About May 4: Through the Looking Glass
May 4: Through the Looking Glass is an immersive and interactive experience that seeks to open up new spaces for thinking and feeling the profound legacies of May 4, 1970, during which the Ohio National Guard occupied Kent State’s campus and fired 67 shots into a crowd of students protesting President Nixon’s expansion of the Vietnam War into Cambodia, killing four and injuring nine.
From the perspective of today’s global political landscape, in which governments are shifting away from democratic principles and veering dangerously towards authoritarianism, Through the Looking Glass provides viewers with a new perspective from which to consider the histories, memories and lived experiences of those who became the victims of state violence as a result of their courageous willingness to speak truth to power.
Made in collaboration with Alan Canfora, a Kent State student protestor who survived the shootings, along with the Department of Special Collections and Archives at Kent State University, Kent State’s May 4 Visitor Center, and Ohio History Connection, Through the Looking Glass leverages emerging technologies to create new modes of engagement with local and regional archives.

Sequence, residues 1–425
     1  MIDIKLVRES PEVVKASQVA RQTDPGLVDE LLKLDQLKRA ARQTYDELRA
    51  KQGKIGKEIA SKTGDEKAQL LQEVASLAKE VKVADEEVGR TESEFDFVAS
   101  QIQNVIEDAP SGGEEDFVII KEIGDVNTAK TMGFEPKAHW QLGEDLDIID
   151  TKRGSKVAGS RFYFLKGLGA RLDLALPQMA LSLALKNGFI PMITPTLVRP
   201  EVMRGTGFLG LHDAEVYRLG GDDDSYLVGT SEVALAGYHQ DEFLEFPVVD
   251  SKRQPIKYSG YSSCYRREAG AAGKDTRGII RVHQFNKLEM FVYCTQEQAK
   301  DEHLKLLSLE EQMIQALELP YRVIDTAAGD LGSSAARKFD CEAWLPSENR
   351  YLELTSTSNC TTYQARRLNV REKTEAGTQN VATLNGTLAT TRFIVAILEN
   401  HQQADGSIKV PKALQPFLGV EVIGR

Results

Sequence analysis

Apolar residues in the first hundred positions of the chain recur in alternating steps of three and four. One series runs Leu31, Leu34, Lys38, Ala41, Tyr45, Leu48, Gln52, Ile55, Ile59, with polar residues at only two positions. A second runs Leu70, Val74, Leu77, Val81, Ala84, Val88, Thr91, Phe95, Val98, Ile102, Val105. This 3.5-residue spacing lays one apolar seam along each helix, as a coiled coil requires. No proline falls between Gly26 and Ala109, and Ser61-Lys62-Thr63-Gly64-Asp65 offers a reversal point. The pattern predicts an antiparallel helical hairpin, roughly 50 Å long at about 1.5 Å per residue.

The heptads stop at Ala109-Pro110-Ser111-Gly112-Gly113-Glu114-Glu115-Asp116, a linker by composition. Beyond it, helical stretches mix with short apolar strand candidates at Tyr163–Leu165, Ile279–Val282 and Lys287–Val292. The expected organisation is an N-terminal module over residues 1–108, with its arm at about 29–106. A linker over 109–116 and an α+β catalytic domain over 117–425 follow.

The project deploys 3D scanning technologies, immersive multi-channel video installation and augmented reality to offer viewers a different perspective from which to grapple with the May 4 shootings. The project features virtual artifacts pertaining to May 4 and its aftermath, a 3D scan of the site where the shootings occurred, and excerpts from an audio interview with Alan Canfora, who survived the shootings. May 4: Through the Looking Glass premiered in December of 2019 at Kent State University’s MuseLab. This website translates the immersive, physical experience of the exhibition into an accessible online format. To see images from that exhibition, please visit our flickr page.
May 4: Through the Looking Glass was created in the College of Communication and Information at Kent State University, in the context of a capstone course in the School of Emerging Media and Technology. The project was led by Assistant Professor Abraham Avnisan. Sound was designed by Ian Hatcher. Participating students included Norah Aljebreen, Nate Cannon, Jiewen Feng, Elliott Frankhouse, Nikola Grimlitza, Dennis Kalantarov, Sare MacPherson, Zach Miller, Julia Morales, Rod Nabavi, Jack Palumbo, Lucas Porcelli, Stev Stotlar, Lonché Thrash II, Jake Weidokal, and Joy White-Latimore.